The NFL vs. Picasso

 Eakins Oval on the Benjamin Franklin Parkway is being taken over for the NFL Draft, April 27 to 29. (Kimberly Paynter/WHYY)

Eakins Oval on the Benjamin Franklin Parkway is being taken over for the NFL Draft, April 27 to 29. (Kimberly Paynter/WHYY)

As I inch my car around the Art Museum circle, through a maze of orange cones and forklifts, I try to remember why this is happening. Why, for the love of God, the NFL asked for — and got — permission to turn our city’s fine arts corridor into an Erector set.

I seem to recall something about the NFL wanting to capture the “symbolism of the ‘Rocky’ steps” for their nationally televised Draft. Really? You mean the steps they have totally obscured with a humongous stage? If only I could’ve been a fly (or raptor) on the wall when the planning meeting was held in City Hall.

NFL Commissioner Roger Goodell: I want the most visually dynamic, grab-’em-by-the-balls, site available. Whaddya got?

Mayor Kenney: Independence National Park.

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Goodell: Huh?

Kenney [beaming]: Independence Hall at one end. The National Constitution Center at the other. In between? (wait for it) The Liberty Bell!

Goodell [yawning]: I’m not running for president. I’m promoting human meat lockers with billion-dollar contracts. I need something sexy.

Kenney: How about right here on Broad Street? I’ll throw in the Mummers.

Goodell: No way. I want that place from the movie. You know? The one with Stallone running up and down the steps. Whatsitcalled?

Kenney [Incredulous]: The Philadelphia Museum of Art? You want to do the NFL Draft on the Art Museum steps? That will be a logistical nightmare. The construction alone will tie up traffic for weeks. No can do.

Goodell: Why am I wasting my time here? I can get Madison Square Garden. [Moves toward the door.]

Kenney: Wait. Roger. Wait. Let me crunch those numbers again and see what I can do.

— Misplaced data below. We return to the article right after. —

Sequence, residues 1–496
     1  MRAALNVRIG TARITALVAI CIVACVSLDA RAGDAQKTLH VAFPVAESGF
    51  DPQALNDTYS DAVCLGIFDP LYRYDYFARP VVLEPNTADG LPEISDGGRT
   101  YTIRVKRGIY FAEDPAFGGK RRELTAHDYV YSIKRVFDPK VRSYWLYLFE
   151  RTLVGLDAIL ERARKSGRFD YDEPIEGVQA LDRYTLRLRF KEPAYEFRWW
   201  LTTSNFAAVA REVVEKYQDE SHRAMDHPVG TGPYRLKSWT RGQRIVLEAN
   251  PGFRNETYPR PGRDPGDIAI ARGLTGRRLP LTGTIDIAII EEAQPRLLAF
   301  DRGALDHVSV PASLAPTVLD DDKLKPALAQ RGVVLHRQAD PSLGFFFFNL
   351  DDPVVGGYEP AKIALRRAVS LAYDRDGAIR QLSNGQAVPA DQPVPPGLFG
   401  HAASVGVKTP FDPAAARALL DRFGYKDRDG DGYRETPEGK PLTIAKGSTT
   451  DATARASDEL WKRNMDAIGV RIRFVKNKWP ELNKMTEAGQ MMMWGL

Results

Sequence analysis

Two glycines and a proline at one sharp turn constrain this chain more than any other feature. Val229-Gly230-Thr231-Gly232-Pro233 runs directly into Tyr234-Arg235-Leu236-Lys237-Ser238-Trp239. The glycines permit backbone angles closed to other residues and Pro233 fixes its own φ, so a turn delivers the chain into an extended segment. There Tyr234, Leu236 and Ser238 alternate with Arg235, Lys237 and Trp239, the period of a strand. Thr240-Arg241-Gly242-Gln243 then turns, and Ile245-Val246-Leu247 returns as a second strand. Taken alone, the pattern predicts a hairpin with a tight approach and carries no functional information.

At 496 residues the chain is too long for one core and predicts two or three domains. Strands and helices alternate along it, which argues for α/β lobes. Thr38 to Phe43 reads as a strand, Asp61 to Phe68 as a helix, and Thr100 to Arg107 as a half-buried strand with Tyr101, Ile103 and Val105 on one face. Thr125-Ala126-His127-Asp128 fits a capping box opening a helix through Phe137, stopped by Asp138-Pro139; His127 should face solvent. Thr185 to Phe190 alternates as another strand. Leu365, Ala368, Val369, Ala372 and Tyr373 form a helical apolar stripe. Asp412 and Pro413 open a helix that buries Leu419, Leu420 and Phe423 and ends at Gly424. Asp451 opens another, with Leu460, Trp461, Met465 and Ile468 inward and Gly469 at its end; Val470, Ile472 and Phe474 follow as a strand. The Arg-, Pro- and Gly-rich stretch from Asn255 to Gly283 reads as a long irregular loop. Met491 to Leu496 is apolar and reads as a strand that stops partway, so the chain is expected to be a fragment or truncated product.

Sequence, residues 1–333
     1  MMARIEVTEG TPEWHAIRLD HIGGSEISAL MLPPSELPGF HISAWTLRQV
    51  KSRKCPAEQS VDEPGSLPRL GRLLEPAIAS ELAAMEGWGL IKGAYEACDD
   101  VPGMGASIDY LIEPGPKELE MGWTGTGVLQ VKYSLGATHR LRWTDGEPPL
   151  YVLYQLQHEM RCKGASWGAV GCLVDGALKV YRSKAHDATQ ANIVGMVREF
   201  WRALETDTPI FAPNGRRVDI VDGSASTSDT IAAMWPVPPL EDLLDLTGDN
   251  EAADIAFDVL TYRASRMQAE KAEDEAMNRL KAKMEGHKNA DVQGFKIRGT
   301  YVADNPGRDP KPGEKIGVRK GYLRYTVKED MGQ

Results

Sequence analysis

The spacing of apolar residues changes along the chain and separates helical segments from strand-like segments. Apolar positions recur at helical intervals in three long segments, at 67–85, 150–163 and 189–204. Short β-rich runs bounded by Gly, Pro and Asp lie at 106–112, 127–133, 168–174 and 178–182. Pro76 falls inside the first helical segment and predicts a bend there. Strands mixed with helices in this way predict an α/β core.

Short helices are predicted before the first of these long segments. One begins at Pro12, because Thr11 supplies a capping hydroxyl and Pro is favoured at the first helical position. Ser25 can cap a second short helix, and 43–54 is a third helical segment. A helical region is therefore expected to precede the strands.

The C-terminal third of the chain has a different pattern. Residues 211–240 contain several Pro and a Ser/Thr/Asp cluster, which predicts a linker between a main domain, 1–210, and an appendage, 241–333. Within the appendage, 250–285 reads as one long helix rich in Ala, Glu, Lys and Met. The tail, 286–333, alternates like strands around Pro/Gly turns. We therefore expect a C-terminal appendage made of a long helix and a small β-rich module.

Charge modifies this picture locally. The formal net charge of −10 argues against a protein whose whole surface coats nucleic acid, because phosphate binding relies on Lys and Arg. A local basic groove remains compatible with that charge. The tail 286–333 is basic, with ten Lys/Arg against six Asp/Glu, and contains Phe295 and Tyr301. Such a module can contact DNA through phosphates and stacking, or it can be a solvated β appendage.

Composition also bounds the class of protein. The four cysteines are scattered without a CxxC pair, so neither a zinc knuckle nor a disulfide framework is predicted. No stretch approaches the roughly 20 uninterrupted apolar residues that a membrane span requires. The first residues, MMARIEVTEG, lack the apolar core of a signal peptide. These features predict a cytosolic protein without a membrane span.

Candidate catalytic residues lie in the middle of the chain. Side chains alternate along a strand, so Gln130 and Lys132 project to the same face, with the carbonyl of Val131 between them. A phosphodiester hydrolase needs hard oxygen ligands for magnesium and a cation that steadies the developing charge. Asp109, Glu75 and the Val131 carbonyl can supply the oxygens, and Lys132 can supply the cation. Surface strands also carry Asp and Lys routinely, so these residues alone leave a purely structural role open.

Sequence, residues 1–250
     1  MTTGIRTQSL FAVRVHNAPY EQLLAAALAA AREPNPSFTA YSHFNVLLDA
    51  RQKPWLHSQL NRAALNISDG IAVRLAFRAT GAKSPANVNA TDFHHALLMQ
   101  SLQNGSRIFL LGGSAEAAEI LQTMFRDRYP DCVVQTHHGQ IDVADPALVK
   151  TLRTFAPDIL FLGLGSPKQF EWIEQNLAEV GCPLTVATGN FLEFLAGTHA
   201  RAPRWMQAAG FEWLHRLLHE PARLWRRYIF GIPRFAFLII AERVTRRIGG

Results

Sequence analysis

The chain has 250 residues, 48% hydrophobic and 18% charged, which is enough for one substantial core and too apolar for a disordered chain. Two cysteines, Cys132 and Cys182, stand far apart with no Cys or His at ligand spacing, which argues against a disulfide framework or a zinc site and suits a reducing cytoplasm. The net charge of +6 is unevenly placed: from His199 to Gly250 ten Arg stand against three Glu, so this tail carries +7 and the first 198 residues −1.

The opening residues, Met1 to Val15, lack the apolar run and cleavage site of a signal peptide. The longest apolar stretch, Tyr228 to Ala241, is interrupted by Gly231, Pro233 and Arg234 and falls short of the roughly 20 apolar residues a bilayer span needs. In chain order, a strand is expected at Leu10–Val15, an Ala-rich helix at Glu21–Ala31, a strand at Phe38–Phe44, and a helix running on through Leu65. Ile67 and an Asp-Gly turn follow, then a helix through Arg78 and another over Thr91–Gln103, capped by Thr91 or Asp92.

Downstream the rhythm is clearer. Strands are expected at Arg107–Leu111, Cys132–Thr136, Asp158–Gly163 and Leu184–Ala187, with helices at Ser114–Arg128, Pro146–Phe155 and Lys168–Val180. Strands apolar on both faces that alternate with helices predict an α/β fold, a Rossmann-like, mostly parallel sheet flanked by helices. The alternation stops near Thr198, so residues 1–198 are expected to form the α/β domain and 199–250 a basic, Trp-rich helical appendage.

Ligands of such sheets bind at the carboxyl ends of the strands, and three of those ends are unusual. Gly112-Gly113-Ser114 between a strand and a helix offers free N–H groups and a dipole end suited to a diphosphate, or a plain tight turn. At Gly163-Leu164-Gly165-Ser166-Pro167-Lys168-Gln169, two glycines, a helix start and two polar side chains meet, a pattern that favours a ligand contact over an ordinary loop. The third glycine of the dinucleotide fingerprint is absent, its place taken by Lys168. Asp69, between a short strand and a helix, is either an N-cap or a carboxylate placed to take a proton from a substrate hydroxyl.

VisitPhilly claims that “lives are changed and the future unfolds” on April 27-29 when the Parkway will be transformed into a “three-day Football Festival” over an area equal to “25 football fields.” If Alfred Barnes wasn’t already turning in his grave about his Impressionist collection moving from their former home in Merion to the Parkway, this event is sure to give him another jolt. People come from around the world to gaze in reverence at the works of Gauguin, Van Gogh, Monet, and Renoir. And we’re creating an insurmountable obstacle course so that football fans can buy the same Eagles shirts, beer, and cheesesteaks available at Lincoln Financial Field?

Call me a snob, but I think Philly is selling itself to the highest bidder for all the wrong reasons. Sure, the Parkway will draw huge crowds and make a nice backdrop for the TV cameras when — and if — they take the lens off the hot picks. But of the millions of viewers who watch the show from the comfort of their Barcaloungers, how many are going to look at the skyline of Philly and think, “Hey, Marge, we should go there sometime and have us a cheesesteak.”

I wouldn’t bet on it. But, City Hall would. They are banking, literally, on hotel rooms, restaurant seats, and bar stools being occupied during the Draft. The thing is, those same dollars would flow in if the event was held at Lincoln Financial Field, Mummers and all. Without creating a multi-week traffic tsunami for commuters, people who live along the Parkway or those poor souls who travel from, say Japan or Germany, to visit Picasso’s “Three Musicians” and, instead, will have to contend with thousands of football fanatics.

Of course, the city is hoping that sports fans will also visit the museums along the Parkway. But, let’s be real. They will only enter the Barnes or Rodin Museum to pee. Not to marvel at the art. Same goes for the Franklin Institute. And don’t go getting any ideas about the “welcoming” spirit of the NFL Draft. Families with picnic baskets, bottles of soda, and blankets will not be allowed. No food or drink will be permitted on the entire length of the Parkway unless sold by a vendor. (There go all those young entrepreneurs selling bottled water!)

In 2014, the NFL made $7.24 billion in revenue for its 32 teams. That’s enough to fund 10 missions to Pluto. Or more pragmatically, to launch a major shift in early childhood education. Sad to think that the reality show of picking the next football millionaires is over-shining the true treasures of our city.

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